Why Would You Segregate the FISA Orders, But Not the Directives?
The FBI, according to Eli Lake, thinks someone besides Edward Snowden may be responsible for leaking the Section 215 order to Verizon ordering them to turn over the metadata on all their American customers’ calls. They claim to think so because digital copies of such orders exist in only two places: computers at the FISA Court and FBI’s National Security Division that are segregated from the Internet. (Note: where Lake says “warrant” in this passage, he means “order.”)
Those who receive the warrant—the first of its kind to be publicly disclosed—are not allowed “to disclose to any other person” except to carry out its terms or receive legal advice about it, and any person seeing it for those reasons is also legally bound not to disclose the order. The officials say phone companies like Verizon are not allowed to store a digital copy of the warrant, and that the documents are not accessible on most NSA internal classified computer networks or on the Joint Worldwide Intelligence Communications System, the top-secret internet used by the U.S. intelligence community.
The warrants reside on two computer systems affiliated with the Foreign Intelligence Surveillance Court and the National Security Division of the Department of Justice. Both systems are physically separated from other government-wide computer networks and employ sophisticated encryption technology, the officials said. Even lawmakers and staff lawyers on the House and Senate intelligence committees can only view the warrants in the presence of Justice Department attorneys, and are prohibited from taking notes on the documents.
Now, when the order first leaked, I actually suspected the leaker might be in this general vicinity. If that’s right, then I also suspect the FBI is interested in finding this person because he or she would be reacting to the FBI’s own wrong-doing on another matter. Heck, the FBI could conduct a manhunt in this general vicinity just for fun to make sure their own wrong-doing doesn’t get exposed.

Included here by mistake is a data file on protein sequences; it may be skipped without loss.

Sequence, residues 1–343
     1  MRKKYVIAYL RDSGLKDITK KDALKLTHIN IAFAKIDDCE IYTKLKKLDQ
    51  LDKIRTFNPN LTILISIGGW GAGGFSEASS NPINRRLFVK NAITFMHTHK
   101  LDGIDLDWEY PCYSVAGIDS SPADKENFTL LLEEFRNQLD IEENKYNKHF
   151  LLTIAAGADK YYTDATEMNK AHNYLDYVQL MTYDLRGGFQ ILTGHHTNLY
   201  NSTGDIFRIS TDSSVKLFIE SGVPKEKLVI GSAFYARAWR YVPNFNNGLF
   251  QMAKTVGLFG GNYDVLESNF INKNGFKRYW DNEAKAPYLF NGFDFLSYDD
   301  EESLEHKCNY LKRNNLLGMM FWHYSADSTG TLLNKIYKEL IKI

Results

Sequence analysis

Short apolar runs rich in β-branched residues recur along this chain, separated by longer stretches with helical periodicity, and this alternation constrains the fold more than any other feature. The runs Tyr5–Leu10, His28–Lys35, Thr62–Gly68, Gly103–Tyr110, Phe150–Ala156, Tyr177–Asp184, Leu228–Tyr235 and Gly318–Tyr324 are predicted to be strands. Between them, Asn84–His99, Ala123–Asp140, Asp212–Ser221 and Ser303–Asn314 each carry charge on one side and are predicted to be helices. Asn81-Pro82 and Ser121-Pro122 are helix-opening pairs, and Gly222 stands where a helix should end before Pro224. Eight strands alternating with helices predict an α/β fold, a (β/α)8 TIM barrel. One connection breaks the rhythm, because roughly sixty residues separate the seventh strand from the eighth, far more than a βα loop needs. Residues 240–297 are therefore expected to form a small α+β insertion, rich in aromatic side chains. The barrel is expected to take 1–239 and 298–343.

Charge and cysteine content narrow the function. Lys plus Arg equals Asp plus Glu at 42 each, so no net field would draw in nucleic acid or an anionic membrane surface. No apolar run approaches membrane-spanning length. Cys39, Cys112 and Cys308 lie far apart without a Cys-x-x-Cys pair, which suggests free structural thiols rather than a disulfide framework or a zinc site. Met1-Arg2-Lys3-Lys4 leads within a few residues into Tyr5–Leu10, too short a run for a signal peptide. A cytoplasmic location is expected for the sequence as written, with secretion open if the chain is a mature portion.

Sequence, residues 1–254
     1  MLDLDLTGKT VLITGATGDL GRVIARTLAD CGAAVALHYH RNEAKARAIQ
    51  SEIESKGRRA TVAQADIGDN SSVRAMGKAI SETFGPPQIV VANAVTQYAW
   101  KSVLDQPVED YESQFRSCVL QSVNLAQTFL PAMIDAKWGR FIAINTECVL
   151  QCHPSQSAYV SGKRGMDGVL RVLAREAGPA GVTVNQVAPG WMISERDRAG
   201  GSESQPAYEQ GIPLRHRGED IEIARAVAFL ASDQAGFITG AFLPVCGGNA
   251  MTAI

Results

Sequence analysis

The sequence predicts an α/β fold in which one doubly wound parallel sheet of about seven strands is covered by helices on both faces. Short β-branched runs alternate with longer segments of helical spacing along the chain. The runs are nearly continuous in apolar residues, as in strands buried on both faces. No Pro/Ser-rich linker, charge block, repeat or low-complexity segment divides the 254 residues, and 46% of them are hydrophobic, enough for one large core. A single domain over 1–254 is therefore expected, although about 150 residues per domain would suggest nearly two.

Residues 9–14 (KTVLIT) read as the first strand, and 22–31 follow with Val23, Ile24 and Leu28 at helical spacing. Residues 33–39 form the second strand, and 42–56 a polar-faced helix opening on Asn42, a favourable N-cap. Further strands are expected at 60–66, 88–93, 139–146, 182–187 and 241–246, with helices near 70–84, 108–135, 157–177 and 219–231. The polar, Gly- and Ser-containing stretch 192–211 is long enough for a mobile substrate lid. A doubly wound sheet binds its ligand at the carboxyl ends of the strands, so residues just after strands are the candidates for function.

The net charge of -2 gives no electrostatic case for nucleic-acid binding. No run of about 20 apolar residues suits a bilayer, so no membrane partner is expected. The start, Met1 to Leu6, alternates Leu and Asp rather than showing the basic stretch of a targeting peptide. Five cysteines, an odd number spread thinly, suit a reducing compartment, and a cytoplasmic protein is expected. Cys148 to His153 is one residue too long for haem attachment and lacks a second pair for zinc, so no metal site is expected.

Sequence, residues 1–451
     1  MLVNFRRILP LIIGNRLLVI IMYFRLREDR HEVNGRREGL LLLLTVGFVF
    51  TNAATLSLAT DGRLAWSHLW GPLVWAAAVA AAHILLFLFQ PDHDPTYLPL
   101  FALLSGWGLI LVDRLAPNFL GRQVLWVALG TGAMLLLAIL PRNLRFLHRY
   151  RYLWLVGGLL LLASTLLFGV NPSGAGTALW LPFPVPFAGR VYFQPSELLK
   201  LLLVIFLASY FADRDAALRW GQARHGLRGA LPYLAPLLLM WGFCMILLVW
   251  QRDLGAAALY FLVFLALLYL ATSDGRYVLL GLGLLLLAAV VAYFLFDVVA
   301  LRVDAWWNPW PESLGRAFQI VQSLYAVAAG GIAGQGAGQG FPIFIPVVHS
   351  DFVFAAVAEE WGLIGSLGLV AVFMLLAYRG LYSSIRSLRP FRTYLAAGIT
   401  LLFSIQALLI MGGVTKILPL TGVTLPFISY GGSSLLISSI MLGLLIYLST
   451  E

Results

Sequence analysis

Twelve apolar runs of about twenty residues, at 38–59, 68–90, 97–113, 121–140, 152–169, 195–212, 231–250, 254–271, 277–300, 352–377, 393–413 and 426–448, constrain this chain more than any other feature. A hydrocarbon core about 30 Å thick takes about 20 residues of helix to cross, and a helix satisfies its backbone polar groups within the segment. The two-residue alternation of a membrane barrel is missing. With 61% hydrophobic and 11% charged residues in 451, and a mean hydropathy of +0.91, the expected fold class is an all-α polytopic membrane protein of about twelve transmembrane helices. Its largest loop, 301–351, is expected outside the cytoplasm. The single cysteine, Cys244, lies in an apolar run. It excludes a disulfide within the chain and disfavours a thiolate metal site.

Such is the beauty of secret counterintelligence investigations.
That said, Lake’s reporting is an example of something I suggested in the first day of this leak: we’re going to learn more about how the NSA works from leaks about the investigation of it than from the leaks themselves.
And this story provides a lot of evidence that the government guards its generalized surveillance plans more jealously than it guards it particularized surveillance targets. (See this post for a description of the difference between orders and directives specifying targets.)
Consider what kinds of documents the FISA Court produces:
- Standing Section 215 orders such as the Verizon one in question
- Particularized Section 215 orders; an example might be an order for credit card companies and Big Box stores to turn over details on all purchases of pressure cookers in the country
- FISA Amendments Act orders generally mapping out the FAA collection (we don’t know how detailed they are; they might describe collection programs at the “al Qaeda” and “Chinese hacker” level, or might be slightly more specific, but are necessarily pretty general)